Journalism That Matters: (A Poynter Conference)
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The New News Ecology means new jobs, new tools, new relationships, new businesses.
But journalism’s very survival — at least its values and functions — depends on the ability of news organizations — and citizens — to adapt to a dramatically evolving landscape.
Where, now, does the news industry end, and begin? As some newsrooms shrink and morph, what — and where — are the new roles for journalists — and journalism — in a broader civic sphere? How do we match journalism with the work of non-profit organizations, government, civic and even advocacy groups . . . without abandoning its core values and functions to democracy?
Our hunch is that laid-off journalists will find purpose and passion in new ways which go beyond the legacy newsrooms they have left. We want to help envision the places where that purpose and passion can find support and recognition. We seek to do so not just via dialogue within the industry, but by convening folks from outside the traditional confines of journalism as well — educators, human-service professionals, public officials — who may start to sketch the outlines of new collaborations.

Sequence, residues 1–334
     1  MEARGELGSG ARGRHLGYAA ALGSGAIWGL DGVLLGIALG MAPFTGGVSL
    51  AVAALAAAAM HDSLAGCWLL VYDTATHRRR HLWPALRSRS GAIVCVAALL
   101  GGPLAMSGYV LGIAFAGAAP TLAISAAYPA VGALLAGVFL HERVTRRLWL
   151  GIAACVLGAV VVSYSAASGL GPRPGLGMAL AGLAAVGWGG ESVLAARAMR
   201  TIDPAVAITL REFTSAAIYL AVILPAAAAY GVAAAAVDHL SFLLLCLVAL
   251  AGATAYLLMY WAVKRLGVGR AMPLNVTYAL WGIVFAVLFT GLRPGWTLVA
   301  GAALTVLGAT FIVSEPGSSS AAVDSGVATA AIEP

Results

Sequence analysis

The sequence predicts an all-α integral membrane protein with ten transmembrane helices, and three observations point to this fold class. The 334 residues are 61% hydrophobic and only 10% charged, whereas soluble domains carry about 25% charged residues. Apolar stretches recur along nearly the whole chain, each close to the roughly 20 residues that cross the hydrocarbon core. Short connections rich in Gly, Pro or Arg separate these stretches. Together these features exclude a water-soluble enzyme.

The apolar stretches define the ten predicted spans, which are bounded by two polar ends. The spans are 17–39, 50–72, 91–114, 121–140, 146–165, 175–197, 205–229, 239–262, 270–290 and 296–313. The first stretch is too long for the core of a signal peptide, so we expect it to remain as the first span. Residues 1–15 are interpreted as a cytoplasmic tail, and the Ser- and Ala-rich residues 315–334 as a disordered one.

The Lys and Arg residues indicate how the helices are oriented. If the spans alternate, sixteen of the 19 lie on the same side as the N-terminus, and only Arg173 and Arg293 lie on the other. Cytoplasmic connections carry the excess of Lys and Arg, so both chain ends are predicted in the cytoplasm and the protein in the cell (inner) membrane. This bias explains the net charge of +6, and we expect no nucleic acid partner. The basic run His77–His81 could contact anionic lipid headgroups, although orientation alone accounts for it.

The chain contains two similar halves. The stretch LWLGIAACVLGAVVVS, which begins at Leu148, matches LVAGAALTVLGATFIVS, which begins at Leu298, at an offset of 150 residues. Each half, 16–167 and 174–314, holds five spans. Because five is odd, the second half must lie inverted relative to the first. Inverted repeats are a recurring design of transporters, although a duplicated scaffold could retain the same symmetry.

Don’t miss your chance to learn how and why newsrooms — and the news sphere — must change when The Poynter Institute and Journalism That Matters team up for “Adapting Journalism to the New News Ecology,” a three-day conference in St. Petersburg, Fla., to be held March 1-4, 2009.
Work sessions will be designed to define the new jobs, skills and relationships that will sustain a 21st-century news organization. Participants themselves will frame the critical discussions leading to our intended outcome — new places, new roles — and new support — for the values and functions of journalism in a participatory democracy.
Space is limited to the first 150 registrants. Registration is $350 if you apply before Feb. 1, 2009. After Feb. 1, 2009 registration is $450.
WHO SHOULD ATTEND:
- Anyone with ideas about charting the new news ecosystem
- Groups and enterprises who benefit from quality journalism
- Public-policy officials and researchers
- New media practitioners and entrepreneurs
- Journalists re-inventing their careers
- Editors managing change
- High-school and college journalism educators
For a more detailed description go to:
To register and book a hotel room go to:
WHERE WE’LL MEET:
The Poynter Institute for Media Studies (slide show)